“It’s the Golden Country – almost, “he murmured
“The Golden Country?”
“It’s nothing really. A Landscape I’ve seen sometimes in a dream.” George Orwell (1984)
Somebody in Lothian Region Transport’s timetable department has a subversive sense of humour, or has made a typographical – and somewhat thought provoking – error. Perhaps they recognised the typo and, mischievously, let it stand. If you don’t believe me, go down to the bottom of Dundas Street in the direction of Canonmills, and visit the LRT bus shelter, just beyond the turning into Henderson Row. Inside are the usual bus time tables and route maps. Examine the no 23 route map, very carefully. A couple of weeks ago, I did just that. I looked at the route map and looked away. I thought for a moment I’d misread something and looked again.
From north to south, the 23 bus route links the sea with the hills. It is of one of Edinburgh’s great bus journeys. Beginning in sleepy, elegant Trinity, it breezes through Goldenacre – ah! how I remember that name – flashes past the Botanics and climbs steadily through the New Town to Morningide and beyond. If a new tram system were to be conceived on a purely scenic basis, the 23 bus route, slicing the city in two from north to south, would be the obvious candidate. The six times hourly 23, and her noble sister the 27, inherited their routes from the old tram system, which until the mid-1950s, was an uncontroversial feature of Edinburgh life. Nowadays, the 23 route extends southwards towards Greenback and even as far as Napier University’s Craiglochart Campus, formerly Craiglochart Hydropathic, where the young Wilfred Owen met Siegfried Sassoon. In Howard Place, close to the Botanics, it passes the birthplace of Robert Louis Stevenson, a literary landmark which tends to be missed by the more commercial class of tour bus. On George IV Bridge, the 23 cruises past the Advocates Library and the National Library of Scotland. From the top deck, a more observant passenger may find himself looking into the Advocates Reading Room and receiving a rare insight into the Scottish Bar at leisure. Further up the hill, it plunges through the Morningside of Miss Jean Brodie, now occupied by literary types who speak at book festivals. A former Cabinet minister, turned enthusiast, would do well to present a television series based on the no 23 bus route.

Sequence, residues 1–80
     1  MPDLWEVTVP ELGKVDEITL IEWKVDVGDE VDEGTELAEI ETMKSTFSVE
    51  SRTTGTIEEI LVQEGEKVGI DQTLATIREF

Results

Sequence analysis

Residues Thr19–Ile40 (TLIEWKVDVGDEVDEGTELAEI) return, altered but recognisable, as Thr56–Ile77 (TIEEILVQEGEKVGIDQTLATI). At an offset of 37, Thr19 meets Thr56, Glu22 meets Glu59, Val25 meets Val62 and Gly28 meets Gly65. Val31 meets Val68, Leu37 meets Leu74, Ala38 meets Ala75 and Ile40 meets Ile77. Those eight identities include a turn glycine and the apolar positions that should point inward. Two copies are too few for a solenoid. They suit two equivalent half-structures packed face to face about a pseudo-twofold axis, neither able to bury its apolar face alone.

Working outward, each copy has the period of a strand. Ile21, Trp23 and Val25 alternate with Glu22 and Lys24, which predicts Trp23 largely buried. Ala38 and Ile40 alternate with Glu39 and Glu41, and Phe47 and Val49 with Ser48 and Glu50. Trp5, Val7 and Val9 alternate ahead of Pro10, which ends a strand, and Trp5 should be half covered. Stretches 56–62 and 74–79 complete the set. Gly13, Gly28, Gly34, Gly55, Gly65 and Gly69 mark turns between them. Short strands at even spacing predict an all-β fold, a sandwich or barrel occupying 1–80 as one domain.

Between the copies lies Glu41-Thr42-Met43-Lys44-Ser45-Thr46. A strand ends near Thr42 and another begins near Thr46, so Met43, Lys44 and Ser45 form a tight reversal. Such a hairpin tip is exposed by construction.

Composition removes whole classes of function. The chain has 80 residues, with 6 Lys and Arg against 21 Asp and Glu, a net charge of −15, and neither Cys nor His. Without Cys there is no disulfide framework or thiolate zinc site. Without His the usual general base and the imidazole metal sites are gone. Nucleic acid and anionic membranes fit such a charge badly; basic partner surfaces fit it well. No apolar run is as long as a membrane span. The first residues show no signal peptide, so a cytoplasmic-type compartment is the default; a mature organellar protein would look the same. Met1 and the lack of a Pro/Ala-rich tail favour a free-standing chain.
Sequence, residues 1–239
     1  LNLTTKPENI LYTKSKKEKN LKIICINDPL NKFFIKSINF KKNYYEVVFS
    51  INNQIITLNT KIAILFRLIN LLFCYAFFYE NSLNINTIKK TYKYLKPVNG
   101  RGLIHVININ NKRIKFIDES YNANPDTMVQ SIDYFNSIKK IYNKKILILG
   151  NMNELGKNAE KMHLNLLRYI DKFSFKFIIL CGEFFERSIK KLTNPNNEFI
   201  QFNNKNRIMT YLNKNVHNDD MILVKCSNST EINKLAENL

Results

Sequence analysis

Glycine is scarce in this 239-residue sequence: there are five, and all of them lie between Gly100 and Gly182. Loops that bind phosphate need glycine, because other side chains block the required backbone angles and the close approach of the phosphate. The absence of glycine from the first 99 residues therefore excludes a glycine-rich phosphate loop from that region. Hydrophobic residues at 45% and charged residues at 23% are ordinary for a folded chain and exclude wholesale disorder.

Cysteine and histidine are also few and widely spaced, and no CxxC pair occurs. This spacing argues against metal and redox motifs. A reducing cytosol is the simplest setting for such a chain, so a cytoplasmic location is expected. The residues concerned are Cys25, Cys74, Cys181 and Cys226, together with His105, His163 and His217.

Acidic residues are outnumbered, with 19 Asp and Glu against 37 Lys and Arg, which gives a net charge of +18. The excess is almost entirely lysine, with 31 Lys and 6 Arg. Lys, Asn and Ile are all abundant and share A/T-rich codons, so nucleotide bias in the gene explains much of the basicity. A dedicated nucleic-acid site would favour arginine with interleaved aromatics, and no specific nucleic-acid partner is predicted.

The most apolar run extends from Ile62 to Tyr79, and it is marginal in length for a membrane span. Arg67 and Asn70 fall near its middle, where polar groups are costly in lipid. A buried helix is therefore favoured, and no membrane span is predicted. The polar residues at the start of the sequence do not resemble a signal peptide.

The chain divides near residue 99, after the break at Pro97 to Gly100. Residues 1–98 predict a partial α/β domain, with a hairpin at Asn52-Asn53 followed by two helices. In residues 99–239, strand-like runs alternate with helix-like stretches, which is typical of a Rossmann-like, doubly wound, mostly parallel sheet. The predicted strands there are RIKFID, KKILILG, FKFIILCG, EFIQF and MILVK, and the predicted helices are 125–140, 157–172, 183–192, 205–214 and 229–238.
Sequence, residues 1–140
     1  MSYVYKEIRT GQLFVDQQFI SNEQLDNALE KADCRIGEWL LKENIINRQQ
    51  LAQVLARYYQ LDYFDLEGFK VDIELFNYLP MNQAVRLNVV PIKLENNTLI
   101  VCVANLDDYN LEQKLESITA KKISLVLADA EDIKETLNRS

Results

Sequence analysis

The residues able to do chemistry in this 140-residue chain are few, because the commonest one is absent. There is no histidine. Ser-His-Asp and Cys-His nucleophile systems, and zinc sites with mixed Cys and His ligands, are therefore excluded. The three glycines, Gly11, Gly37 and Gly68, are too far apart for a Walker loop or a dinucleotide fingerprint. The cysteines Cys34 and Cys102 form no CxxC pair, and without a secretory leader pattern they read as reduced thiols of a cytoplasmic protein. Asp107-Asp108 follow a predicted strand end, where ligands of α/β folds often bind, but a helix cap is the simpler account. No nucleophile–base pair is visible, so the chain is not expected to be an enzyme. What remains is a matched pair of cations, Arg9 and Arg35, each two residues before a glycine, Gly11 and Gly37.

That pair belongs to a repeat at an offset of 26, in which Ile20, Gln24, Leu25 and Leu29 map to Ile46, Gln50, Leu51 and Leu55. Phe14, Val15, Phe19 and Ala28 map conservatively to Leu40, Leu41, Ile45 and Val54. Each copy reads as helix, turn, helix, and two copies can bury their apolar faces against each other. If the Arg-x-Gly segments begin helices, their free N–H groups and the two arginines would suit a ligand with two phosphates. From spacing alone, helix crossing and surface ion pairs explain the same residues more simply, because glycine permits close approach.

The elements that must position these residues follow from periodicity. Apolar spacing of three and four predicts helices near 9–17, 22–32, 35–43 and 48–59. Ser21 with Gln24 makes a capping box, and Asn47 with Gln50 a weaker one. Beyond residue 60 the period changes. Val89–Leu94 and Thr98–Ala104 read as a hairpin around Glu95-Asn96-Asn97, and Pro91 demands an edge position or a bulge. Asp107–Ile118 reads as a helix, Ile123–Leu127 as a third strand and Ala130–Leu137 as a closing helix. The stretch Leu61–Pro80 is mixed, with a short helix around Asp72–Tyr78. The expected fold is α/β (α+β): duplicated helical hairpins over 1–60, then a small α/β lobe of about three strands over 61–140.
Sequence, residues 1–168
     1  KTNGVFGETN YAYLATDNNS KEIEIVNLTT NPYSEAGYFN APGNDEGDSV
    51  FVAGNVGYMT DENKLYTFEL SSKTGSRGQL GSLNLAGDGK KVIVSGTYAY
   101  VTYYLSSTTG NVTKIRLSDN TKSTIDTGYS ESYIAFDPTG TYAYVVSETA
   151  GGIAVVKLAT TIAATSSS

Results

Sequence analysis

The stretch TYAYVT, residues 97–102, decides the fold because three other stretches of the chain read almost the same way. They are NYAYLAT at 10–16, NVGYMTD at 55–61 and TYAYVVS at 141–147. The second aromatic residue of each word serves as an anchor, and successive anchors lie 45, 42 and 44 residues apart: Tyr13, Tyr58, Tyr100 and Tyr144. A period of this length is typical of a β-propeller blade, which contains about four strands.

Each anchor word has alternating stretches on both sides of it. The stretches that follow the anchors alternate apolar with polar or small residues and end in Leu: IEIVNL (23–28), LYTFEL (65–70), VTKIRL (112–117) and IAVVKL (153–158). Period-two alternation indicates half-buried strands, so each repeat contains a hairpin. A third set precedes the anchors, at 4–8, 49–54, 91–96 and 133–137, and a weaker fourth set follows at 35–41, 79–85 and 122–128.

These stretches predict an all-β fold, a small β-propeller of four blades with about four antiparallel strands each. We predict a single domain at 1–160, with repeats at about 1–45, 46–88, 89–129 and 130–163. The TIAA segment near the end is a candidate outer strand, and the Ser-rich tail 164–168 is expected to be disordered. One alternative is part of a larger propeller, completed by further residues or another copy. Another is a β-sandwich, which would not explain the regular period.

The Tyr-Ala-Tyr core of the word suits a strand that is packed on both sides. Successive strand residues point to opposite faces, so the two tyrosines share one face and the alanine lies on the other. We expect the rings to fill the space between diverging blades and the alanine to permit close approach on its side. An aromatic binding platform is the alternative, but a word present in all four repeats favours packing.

Goldenacre lies to the south of Trinity just beyond Ferry Road. The name has always appealed to my imagination. At school, in Henderson Row, a stone’s throw from the bus shelter, I dreamed of ways of escape. I longed for the hills and the sea. During history lessons, I sat bored on the top floor of a grand New Town house. Here, my unhappy spirit roamed the Edinburgh skyline. Birdlike and free, I soared hillward to George Street and seaward to the Botanical Gardens and Goldenacre. Then, Goldenacre was just a name, somewhere beyond the Botanics, beyond the loneliness of New Field where, twice a week, I played rugby or cricket. Anything golden, though, had a shiny lustre to it: Golden Age, Golden Valley, Golden Youth, Palgrave’s Golden Treasury, Golden Bough, GoldenEye, Golden Gun. Goldenacre seemed innately precious. It could only be beautiful. On Saturdays, I occasionally played rugby near Goldenacre, an unfailingly depressing experience. In late 1980, unhappy and cold, I gazed from the playing fields towards where I imagined Goldenacre to be. In the shadow of a grandstand, dark umbrellas opened and closed repeatedly. French flags fluttered over an Edinburgh skyline. What I was watching was the filming of Chariots of Fire and this, the dramatic recreation of an athetics meeting between Scotland and France. Its hero, Eric Liddell trips, falls and, miraculously, storms to victory. Goldenacre. A place of dreams. A place of miracles.
Two Saturdays ago, I was waiting for a 23 at the bus shelter just beyond the junction with Henderson Row. My destination was Trinity via the Botanics and Goldenacre.
How, I wondered, would Sir Sean Connery pronounce that?